I never would have guessed that I had 309 posts in me. But once I began, the ideas just kept coming. Some I executed better than others, but I don’t have a single one that I would retract. I sometimes reread older posts. I may find ideas that I could have conveyed more effectively or phrases that lack gracefulness, I haven’t yet found a single idea that I’d disown. And that pleases me.
Nor do I have any plans to stop. I may do something a little different in December to give myself a short respite, but I already have a publication schedule into January and beyond.
To mark the end of year two, I’ll offer some bigger thoughts. I won’t go so far as to say profound. That judgment must come from others. But thoughts that deal with the bigger picture of moving urbanism forward rather than the details of a particular project or issue.
Two short vignettes form the backdrop for today’s post.
Earlier this year, Petaluma Urban Chat took a field trip. On a sunny Saturday in February, eight of us met at a bus stop near downtown to take Petaluma Transit to lunch on the eastside. In the course of our daily lives, we have little reason to use Petaluma Transit, although we’re all pleased that it exists. The field trip was an opportunity to become more familiar with the system.
As we gathered at the bus stop, we double-checked that we had the appropriate fare. To my surprise, all but one of us qualified for the senior citizens fare. Of the eight bus riders, I was the only one under 65. It was a revelation.
I love the Urban Chat group, but it was disconcerting to realize how many of the bus riders were nearing retirement age. Nor are the regular Urban Chat meetings much younger. There may be a few younger folks, but it’s still an older crowd.
With age often comes a change in worldly perspective. However much they believe in urbanism, most Urban Chat participants have multiple life obligations, from jobs to family issues to parental care, and can’t spend eight hours a day pushing urbanism.
Plus, with age comes an understanding of how things work, a knowledge that continually beating on the door with fists rarely works, a comprehension that finding the key to the door and the right moment to turn the key is usually more effective.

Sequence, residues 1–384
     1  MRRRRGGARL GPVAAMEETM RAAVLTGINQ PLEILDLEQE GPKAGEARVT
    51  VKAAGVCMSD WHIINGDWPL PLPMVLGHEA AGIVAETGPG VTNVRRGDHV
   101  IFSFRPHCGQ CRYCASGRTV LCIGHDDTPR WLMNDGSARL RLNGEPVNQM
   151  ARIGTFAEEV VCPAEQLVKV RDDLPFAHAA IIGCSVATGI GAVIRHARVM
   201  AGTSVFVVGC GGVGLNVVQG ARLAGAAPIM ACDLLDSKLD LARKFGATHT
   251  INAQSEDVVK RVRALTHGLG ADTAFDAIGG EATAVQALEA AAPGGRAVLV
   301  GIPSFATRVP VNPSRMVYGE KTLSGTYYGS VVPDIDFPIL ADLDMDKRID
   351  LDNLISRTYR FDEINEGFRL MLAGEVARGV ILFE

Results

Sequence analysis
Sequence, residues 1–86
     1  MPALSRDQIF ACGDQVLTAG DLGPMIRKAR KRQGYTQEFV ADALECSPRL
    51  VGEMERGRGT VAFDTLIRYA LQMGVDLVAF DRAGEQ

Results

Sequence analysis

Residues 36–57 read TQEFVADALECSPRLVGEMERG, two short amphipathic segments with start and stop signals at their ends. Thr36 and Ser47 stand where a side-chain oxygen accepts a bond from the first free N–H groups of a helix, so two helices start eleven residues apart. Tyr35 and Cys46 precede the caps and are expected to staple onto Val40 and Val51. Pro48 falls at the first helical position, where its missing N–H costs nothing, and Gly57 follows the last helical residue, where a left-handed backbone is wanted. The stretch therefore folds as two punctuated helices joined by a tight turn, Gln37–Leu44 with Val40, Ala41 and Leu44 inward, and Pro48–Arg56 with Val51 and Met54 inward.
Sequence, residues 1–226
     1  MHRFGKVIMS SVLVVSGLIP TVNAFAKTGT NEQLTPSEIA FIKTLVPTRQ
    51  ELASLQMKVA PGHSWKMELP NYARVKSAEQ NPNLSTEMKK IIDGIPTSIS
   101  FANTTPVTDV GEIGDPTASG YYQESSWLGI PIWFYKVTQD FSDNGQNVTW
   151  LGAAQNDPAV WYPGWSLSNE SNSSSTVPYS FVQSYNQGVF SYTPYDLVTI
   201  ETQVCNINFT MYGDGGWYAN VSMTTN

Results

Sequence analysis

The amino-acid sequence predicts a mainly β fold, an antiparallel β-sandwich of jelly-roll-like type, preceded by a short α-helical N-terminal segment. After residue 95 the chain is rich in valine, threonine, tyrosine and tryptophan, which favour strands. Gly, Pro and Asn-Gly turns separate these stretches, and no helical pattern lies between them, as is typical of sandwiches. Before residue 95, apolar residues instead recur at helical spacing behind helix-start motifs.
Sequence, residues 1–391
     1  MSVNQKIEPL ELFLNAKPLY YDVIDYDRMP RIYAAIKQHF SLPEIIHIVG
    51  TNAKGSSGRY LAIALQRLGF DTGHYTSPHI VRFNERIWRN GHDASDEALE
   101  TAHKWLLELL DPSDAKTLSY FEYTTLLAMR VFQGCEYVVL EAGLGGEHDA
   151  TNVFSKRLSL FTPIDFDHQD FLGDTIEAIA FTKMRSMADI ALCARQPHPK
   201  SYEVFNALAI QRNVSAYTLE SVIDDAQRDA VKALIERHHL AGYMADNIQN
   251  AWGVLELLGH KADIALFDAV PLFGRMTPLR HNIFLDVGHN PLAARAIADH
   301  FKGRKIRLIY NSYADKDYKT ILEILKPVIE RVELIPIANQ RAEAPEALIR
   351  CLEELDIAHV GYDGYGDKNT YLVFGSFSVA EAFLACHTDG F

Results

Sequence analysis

If those comments sound like criticisms, know that, although a small handful of years younger, I include myself among those for whom age has brought both multiple life obligations and the wisdom to know that shouting is rarely a good approach.
Compare that to a recent discussion on my front porch. In the early evening hours, a tall, lean young man with wild hair and an untrimmed beard knocked on my door. He wanted to talk about fracking, the pressurized injection of water and chemicals into oil fields to increase well production.
It was a conversation that interested me. I knew fracking had a long history, but also knew that the rising price of petroleum was likely to bring new approaches to the endeavor and that the state seemed hesitant to engage in regulation. I was eager to learn what this young man had to offer in the way of common sense solutions.
I was disappointed. His fracking philosophy boiled down to two points. “Fracking is evil.” And “Fracking should be banned.” No nuance. No transitional strategy. Nothing.
I tried to engage him. I suggested that certain chemicals or higher pressures were likely to be more harmful than other practices. Nope. Fracking is evil. Fracking should be banned.
I noted that if fracking supplemented oil production by only ten percent, which seemed low based on my limited knowledge, ending fracking combined with the inelastic demand for gasoline might double pump prices. Didn’t make a difference. Fracking is evil. Fracking should be banned.
I suggested that doubling pump prices would put severe stress on lower middle class families, families who were barely holding onto homes from where they commuted an hour or more to jobs. And that an action that greatly increased family bankruptcies could never secure political support. Didn’t matter. Fracking is evil. Fracking should be banned.
The young man eventually left, dissatisfied that I couldn’t or wouldn’t share his black-and-white world. I was equally dissatisfied that I couldn’t engage him in my world that was filled with greys.
And between those two vignettes lays the challenge for urbanism. To successfully advocate for urbanism requires the passion of youth, the wisdom of age, and the ability to combine the two effectively.
Of course, the two often don’t blend well. Passion tires of the slow and tactical pace of worldliness. Worldliness wearies of the shrill and uncompromising demands of passion. Merging the two isn’t trivial. But that only makes it more essential. Urbanism is sufficiently important to the future of our communities that we can’t allow personal styles to impede the progress.
I’m six weeks early for a New Year’s resolutions. But I expect those resolutions to be (1) attract more young, whose natural domain is passion, to participate in the land use decisions of their communities, (2) incite more passion among those who already believe in urbanism, and (3) find ways to leaven the passion with the wisdom of experience.
I should close with an acknowledgment that passion isn’t the sole province of the young nor is worldliness the exclusive property of the old. But the truth frequently enough falls along those lines that I trust you’ll forgive my generalization.
As always, your questions or comments will be appreciated. Please comment below or email me. And thanks for reading. - Dave Alden (firstname.lastname@example.org)